At my Harlem barbershop, I often find myself epically failing at defending Future’s mic skills. True, he’s not nearly as lyrically dexterous as Kendrick Lamar or J.Cole. But to me, hip-hop isn’t limited to rhyme slingers with clever metaphors, mind-boggling similes, or super intelligent conversations. Sometimes it’s just relaxing to listen to bravado-filled raps, dipped in bars that motivate you to stack plenty of moola, get fresh and chill with alluring women. And who’s better at providing this feeling than Future? Furthermore, if you pay close attention to Super Hendrix’s lyrics, you know he often touches on profound topics like abandonment and trust issues.
Despite the ping-pong dialogue about Hendrix’s microphone competence, one thing isn’t up for debate: for nearly two years now, Future has been the hottest, hardest working street rapper.
With little warning—and only two-and-a-half weeks removed from the release of his Purple Reign mixtape—Nayvadius Wilburn continues to ride his wavy surf board of uncontained, beast-mode energetic tunes that get the trap-spots jumping worldwide. Last Friday, Future rolled out his fifth studio album, Evol (which is pronounced “evil” but is, of course, love spelled backwards). Here, he steps away from his oft repeated trust issues and deeply rooted pain raps to step into his star-studded role as one of hip-hop’s hottest cats, accepting some of the perks that come with rap superstardom—more women, goons and a hefty cash flow.
On “Lil Haiti Baby,” over a snapping, championship-themed backdrop courtesy of Moe Goonie and TeeLow da Producer, Hendrix provides motivation for thugs and lover-boys alike. With his signature Auto-Tuned rap/singing, the dreaded rapper pieces together a mellifluous hook that details the intense focus one needs to cuff diamonds and that R&B chick sitting pretty in the cut.
On the provocative, Southside-produced “In Her Mouth,” Future keeps the braggadocio rolling while he scoops a female district attorney, bags an R&B chick and pulls up in his ATL housing projects in a Bugatti. This same fly, dope-boy-vibrant vibe remains equally intact on “Maybach,” “Photo Copied” and “Seven Rings.”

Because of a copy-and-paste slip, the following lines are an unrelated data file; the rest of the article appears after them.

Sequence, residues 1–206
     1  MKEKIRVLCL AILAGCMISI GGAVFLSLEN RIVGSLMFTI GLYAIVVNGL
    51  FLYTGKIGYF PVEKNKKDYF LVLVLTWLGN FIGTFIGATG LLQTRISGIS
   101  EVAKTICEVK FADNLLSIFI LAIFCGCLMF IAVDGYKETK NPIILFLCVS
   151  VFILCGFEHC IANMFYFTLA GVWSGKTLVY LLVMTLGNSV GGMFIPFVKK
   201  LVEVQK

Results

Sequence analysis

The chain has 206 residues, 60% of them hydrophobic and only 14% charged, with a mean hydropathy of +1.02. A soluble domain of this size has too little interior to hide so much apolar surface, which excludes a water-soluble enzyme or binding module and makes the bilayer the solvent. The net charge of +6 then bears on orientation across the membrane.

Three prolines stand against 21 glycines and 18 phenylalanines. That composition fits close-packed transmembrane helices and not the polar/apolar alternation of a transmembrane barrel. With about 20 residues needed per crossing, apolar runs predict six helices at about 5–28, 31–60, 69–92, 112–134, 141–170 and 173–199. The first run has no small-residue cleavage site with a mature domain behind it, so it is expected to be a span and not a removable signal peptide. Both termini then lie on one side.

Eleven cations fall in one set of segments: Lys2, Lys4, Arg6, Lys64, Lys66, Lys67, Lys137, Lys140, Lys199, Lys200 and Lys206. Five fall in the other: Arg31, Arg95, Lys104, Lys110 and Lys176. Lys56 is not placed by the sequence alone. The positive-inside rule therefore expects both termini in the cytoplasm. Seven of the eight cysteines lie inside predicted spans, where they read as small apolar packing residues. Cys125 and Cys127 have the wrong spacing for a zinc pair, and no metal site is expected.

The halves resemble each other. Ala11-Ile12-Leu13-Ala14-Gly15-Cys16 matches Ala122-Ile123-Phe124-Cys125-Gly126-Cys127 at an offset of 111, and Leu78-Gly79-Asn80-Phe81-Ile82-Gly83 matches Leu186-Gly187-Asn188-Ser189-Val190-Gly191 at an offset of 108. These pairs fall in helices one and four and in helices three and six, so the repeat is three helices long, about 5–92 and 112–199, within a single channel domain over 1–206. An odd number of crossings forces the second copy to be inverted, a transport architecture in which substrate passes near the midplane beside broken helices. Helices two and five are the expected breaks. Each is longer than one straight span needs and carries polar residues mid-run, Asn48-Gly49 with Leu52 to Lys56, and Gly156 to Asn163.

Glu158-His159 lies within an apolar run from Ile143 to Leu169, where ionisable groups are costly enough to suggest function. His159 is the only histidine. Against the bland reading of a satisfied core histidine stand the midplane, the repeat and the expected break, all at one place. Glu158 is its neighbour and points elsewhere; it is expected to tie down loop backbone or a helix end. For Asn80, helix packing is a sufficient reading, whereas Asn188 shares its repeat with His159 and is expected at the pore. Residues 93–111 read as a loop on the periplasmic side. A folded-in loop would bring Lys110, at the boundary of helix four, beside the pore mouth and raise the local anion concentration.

But it’s over the hypnotic synths of the DJ Spinz-produced “Lie to Me” where the usually guarded Future exposes his softer side. Well, sort of. Here, the Xany popping, lean gulping MC makes himself vulnerable to his loved ones as he croons: “I know Tiarra, Brittany and Keisha, they gon’ to lie for me.” Then he goes on to tell his family how much love he has for them. You may be thinking that it’s a normal to profess love and show vulnerability to family members. But for someone like Future, who’s expressed acute pain and trust issues, vulnerability is a huge step. Taking things even further, on “Fly Sh*t Only,” Future raps that maybe one day he’ll even stop using drugs.
Future’s music probably will never be as complex or profound as Kendrick Lamar’s or J.Cole’s. For the most part, #FutureHive fans are from the streets, although his Auto-Tuned raps can be heard blasting from the dorm rooms of many universities. Unfortunately, not every street is interested in rap that’s meant to give different perspectives on life and the Black experience. It’s a hard truth to swallow, but a truth it is. And for those who aren’t interested in anything other than the flyer things of life, Future severs as motivation music. For rap lovers who need a break from heady hip-hop, Future’s addictive, lively tracks provide a way for us to lighten up and live a little.